Tag Archives: Iran

Spying on Allies

According to a new report by the Wall Street Journal, the National Security Agency was listening in on the communications of Israeli leaders, including Israeli Prime Minister Benjamin Netanyahu, during the Iranian nuclear program talks. It had been known that the United States was monitoring Netanyahu’s telephone calls, but the report contends that the surveillance was much broader than initially suspected, and included communications between Netanyahu and members of the US Congress.

The US government believed Netanyahu was actively trying to undermine the conclusion of any agreement between the United States and Iran. According to Netanyahu, the agreement, which was concluded in July, would undermine Israeli national security by creating a pathway for Iran to expand its nuclear weapons program. The United States and its allies—the United Kingdom, France, Russia, China, Germany, and the European Union—contended that the agreement would slow Iran’s nuclear progress and included measures to re-impose sanctions if Iran was found to be in violation of the agreement.

In response to the Wall Street Journal report, Israel’s Minister of Intelligence, Yisrael Katz, issued a statement claiming that “Israel does not spy on the US., and we expect that our great friend the US will treat us in similar fashion.” Members of Congress have not yet response to the report., suggesting they may have been aware of the NSA’s activities.

What do you think? Was the United States justified in listening in on the communications of Israeli leaders during the Iranian nuclear negotiations? Under what conditions would such action be justified? When would it not be justified? Why?

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The Iranian Nuclear Deal

President Obama this week appeared to have gathered sufficient support from Congressional Democrats to block a Republican effort to defeat the Iranian nuclear deal. Under the terms of legislation passed earlier this year, Congress has the authority to review and vote down the proposed agreement. But the deal will take effect if Congress is unable to vote it down. Now that President Obama has garnered the support of at least 34 Democratic Senators, the Republican bill defeating the proposed agreement will not be able to be sustained in the face of a certain Presidential veto.

From the perspective of its defenders, the agreement represents the best possible outcome of negotiations with Iran, and will make it impossible for Iran to secure a nuclear weapon for at least the next decade. From the perspective of its critics, the deal is ineffectual at best, and at worst undermines international efforts to prevent Iran’s acquisition of a nuclear weapon. Regardless, the Obama White House clearly invested significant political capital in the deal’s success, and it appears that that investment will now pay off with the implementation of the new agreement.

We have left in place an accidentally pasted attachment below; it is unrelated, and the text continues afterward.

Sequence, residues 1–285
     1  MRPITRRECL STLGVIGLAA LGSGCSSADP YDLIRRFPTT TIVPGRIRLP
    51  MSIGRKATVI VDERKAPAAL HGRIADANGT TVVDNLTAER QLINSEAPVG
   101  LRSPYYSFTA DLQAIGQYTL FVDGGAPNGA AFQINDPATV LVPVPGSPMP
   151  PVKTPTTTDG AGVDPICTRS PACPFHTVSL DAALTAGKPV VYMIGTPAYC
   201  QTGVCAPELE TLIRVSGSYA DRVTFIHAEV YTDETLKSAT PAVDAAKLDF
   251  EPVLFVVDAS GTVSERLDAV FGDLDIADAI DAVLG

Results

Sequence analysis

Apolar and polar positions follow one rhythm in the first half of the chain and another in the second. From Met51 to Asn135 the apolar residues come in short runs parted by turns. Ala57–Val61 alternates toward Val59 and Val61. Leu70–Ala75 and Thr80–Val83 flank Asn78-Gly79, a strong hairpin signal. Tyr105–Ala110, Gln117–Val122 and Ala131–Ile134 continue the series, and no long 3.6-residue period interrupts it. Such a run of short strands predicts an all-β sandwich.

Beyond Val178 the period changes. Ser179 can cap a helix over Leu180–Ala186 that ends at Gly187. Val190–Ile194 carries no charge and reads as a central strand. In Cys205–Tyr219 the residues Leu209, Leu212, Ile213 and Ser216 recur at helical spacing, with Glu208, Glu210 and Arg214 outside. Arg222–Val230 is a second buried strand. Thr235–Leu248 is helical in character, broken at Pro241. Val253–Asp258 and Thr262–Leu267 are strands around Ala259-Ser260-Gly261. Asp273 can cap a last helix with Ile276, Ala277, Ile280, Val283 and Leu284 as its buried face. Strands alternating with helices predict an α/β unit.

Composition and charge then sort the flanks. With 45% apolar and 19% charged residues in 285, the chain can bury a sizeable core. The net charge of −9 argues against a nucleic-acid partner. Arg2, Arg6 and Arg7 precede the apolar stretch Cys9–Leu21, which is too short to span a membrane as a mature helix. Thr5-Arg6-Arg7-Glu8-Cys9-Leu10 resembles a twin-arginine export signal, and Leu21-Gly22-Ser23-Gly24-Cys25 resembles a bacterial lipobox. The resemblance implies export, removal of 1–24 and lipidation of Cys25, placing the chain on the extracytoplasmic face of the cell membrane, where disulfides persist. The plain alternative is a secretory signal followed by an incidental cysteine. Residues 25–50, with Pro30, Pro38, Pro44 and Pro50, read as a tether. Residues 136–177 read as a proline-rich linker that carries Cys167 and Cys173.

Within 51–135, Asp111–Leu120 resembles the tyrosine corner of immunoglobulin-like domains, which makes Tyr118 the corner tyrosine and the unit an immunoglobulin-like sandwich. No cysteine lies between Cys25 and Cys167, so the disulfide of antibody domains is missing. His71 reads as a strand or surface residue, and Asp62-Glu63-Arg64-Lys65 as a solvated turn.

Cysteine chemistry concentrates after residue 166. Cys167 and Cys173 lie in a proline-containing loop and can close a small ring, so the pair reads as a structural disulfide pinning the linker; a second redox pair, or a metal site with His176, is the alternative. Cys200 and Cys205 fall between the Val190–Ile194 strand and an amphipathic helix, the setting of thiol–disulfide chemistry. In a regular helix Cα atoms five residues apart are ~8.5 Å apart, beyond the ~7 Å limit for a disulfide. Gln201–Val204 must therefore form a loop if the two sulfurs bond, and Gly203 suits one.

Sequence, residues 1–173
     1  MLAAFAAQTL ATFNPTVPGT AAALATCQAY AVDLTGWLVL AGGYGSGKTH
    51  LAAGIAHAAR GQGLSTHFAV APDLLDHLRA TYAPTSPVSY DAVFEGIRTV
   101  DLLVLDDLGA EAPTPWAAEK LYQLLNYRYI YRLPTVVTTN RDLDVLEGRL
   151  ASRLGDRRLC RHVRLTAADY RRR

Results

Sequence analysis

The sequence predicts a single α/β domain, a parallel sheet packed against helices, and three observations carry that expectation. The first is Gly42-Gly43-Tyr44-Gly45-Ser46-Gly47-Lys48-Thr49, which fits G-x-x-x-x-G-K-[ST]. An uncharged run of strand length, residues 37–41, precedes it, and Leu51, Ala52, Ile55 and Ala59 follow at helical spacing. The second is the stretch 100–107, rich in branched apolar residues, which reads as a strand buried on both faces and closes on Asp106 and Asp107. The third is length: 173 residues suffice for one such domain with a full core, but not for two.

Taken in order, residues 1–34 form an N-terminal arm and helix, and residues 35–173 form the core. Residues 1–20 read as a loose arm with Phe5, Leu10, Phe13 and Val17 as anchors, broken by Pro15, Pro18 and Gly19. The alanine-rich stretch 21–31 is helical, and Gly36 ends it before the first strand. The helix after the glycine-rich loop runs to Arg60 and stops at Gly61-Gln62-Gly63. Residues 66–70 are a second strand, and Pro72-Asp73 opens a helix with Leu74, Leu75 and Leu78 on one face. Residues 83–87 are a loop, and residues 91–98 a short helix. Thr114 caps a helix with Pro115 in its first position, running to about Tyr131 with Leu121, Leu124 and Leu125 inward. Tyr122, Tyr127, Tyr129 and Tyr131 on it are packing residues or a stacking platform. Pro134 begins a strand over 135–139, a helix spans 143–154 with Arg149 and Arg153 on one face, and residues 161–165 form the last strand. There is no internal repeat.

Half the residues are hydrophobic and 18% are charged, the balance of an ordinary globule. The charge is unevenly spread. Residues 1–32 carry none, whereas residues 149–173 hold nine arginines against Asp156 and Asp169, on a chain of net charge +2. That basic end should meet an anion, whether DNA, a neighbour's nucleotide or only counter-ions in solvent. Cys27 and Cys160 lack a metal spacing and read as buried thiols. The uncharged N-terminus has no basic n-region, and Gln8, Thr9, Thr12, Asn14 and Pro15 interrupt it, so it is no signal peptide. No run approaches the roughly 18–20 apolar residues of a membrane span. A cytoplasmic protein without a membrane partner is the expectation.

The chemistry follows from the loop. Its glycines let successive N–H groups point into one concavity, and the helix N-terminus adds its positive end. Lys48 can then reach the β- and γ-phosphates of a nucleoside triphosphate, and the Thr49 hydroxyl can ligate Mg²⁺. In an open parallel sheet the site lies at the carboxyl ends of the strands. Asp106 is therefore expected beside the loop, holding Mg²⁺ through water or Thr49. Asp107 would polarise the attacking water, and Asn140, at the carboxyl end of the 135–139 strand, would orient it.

What do you think? Will the Iranian nuclear deal be effective in preventing Iran from acquiring nuclear weapons? Would you support or oppose the deal if you were a member of Congress? Why?

Military Cooperation the Arab World

Saudi Arabia and Egypt are leading an initiative to create a joint Arab Defense Force, comprised of approximately 40,000 soldiers, several elite units, and supporting aircraft and surface vessels. The new force, originally discussed ahead of an Arab League Summit in March, would likely be used in place of Nato and Western-led initiatives to counter the Islamic State, to support Saudi-led operations in Yemen, and would provide a counterbalance to growing Iranian influence in the region. The force might also be used to respond to calls from Arab states for support in addressing the growing threat posed by Islamic militants, such as the call issued last week by the Libyan government.

What do you think? Will regional defense forces provide a useful replacement for the deployment of American forces abroad? Does this development highlight a shift in the global role of the United States? Would such a shift be positive or negative? Why?

Will Congress Reject the Iranian Nuclear Deal?

Lawmakers in Congress are taking sides for an upcoming vote on the Iranian nuclear deal. The political process was set up last April, when an alliance of Republican and Democratic Senators passed bipartisan legislation requiring any executive agreement reached between the United States and Iran to come to Congress for review. Usually, executive agreements are not subject to Congressional review or approval. But in this case, Congress need not approve the agreement, but may decide to reject it.

The approach has created some interesting political dynamics. While the United Nations and most American allies–with the notable exception of Israel–have welcomed the agreement as a powerful step forward that places real limits on Iran’s nuclear ambitions, Congressional Republicans have argued that the agreement does too little to prevent Iran from acquiring nuclear weapons while simultaneously granting too much relief to the Iranian government.

Because of the way the review legislation was structured, President Obama need only secure one-third of Congress voting to approve the new agreement. Remember that Congress must pass legislation to reject the agreement. If the vote falls strictly along party lines, Congress will pass such legislation, which President Obama could veto. Without strong support from Congressional Democrats, the Republican Congress would be unable to override President Obama’s veto. President Obama’s strategy thus appears to focus on maintaining the support of moderate Democrats, many of whom have already said they will back the President. Already, most key leaders have expressed support for the President, with the notable exception of Senator Chuck Schumer (D-NY), who has said he will vote to reject the agreement. This announcement sparked a response from CNN’s Fareed Zakaria, a noted foreign policy export.